If we don't support gratuitious ass shots and poorly written female characters, then we'll likely get a lot less of them. (I love having a spinner rack in the house, and seeing what comics my 6 year old daughter Sophie picks up from the rack. Its not often what I would think, which is why I stock it with a variety of different comics!) Adolescent boys will always be drawn in by T & A, and to that I say a big, "duh". Even the most ardent feminist would be not be so naive as to try to show a logical argument as to why the 14 year old should be steered to a more "relationship oriented" comic. Hormones have power.

But what if a huge variety of non-power fantasy oriented comics were readily available to young girls? If they grow up reading them, they'll likely be readers for life. So we have to support the alternatives to the superheroes, any alternative that we like, so that they have the chance to build up to a critical mass and be self supporting. Welcome to the Manga marketing plan.

Shelly, I think that we have the ultimate ability to get the entertainment we want, if enough of us show that we want it. And I think that it has the chance of happening, especially in this era of internet marketing, where the brilliant little guy can actually get a product in front of a million eyes with the click of a button. We don't have any responsibility to buy the next issue of anything if they screw up our favorite character. I'd rather the sales figure put a quick end to the Clone Saga, to the Spider-sperm saga, to the return of Captain Marvel, to the decimation of the Fantastic Four, to the slow ugly saga of the Supergirl abusive boyfriend than anything else.

Don't worry, when the people lead, the entertainment industry will follow.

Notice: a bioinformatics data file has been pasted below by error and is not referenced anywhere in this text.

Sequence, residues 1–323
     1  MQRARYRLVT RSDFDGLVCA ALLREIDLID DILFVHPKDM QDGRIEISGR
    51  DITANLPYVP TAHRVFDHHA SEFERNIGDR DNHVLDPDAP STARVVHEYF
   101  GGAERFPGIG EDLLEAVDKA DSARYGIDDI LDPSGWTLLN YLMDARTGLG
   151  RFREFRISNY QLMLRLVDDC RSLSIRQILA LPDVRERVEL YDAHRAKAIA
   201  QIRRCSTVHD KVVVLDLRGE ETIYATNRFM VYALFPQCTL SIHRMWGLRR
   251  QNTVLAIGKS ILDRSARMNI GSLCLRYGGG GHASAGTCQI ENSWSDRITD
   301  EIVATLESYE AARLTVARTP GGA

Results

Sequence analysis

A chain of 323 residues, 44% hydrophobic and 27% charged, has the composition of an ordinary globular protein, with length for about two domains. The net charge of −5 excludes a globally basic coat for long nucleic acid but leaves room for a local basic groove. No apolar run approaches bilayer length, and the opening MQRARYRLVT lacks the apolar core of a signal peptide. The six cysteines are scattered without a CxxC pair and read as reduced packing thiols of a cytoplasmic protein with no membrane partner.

2 comments:

Shelly said...

Thanks for the link. And you make good points. But I also allow for personal taste and that leads to people willing to put up with or reward different things.

I'll "reward" the lateness of books I enjoy. Not those I've stopped enjoying. So, I'll be dropping All Star Batman and Robin.

I've already dropped Flash, not because it's a bad book, but because I don't like Bart. Personal taste.

If we don't support the sexy and sexualized female characters, we might get fewer of them. We might end up with fewer female characters overall. And I really can't bring myself to drop a book because of an inch of fabric that should be added to a costume if I don't find much else in the book to complain about. I don't expect everything I read to be great. Sometimes, I just like a quick, pleasant read.

I buy a book, I've also bought the right to review and comment on it. That's my lobbying method of choice. Not that DC listened to me way back when I wrote to tell them why I was dropping New Titans. They published the LoC and a long defense of what they were doing. Neither my letter or the loss of my money made a difference to them. I guess enough other people didn't think the book sucked. ;)

inkdestroyedmybrush said...

I am constantly amazed by what other people don't think suck.

And my wife and I will have differences of opinion as to what might constitute exploitation. Somethings that I think she'll object to won't bother her at all, so what do I know? I have a problem with supergirl's costume, but mostly on her body type. The '70's Supergirl, in her little red panties, was so totally unsexual, and so much more normal is her body type that I can be clear that it's not the fabric that bothers me. Its wehre the fabric sits.

I do think that if we don't support sexy female characters, we'll get less of them, which will lead to a lesser number of female characters, but then we have to do the opposite number and support, vocally, the non-raped, non-porn face women, and they will likely replace the former.

I have no doubt, after working in this industry, that they pay attention to the blogs. They should, we're their best mouthpieces when they get it right, and the first to really give them the feedback they need. Review away!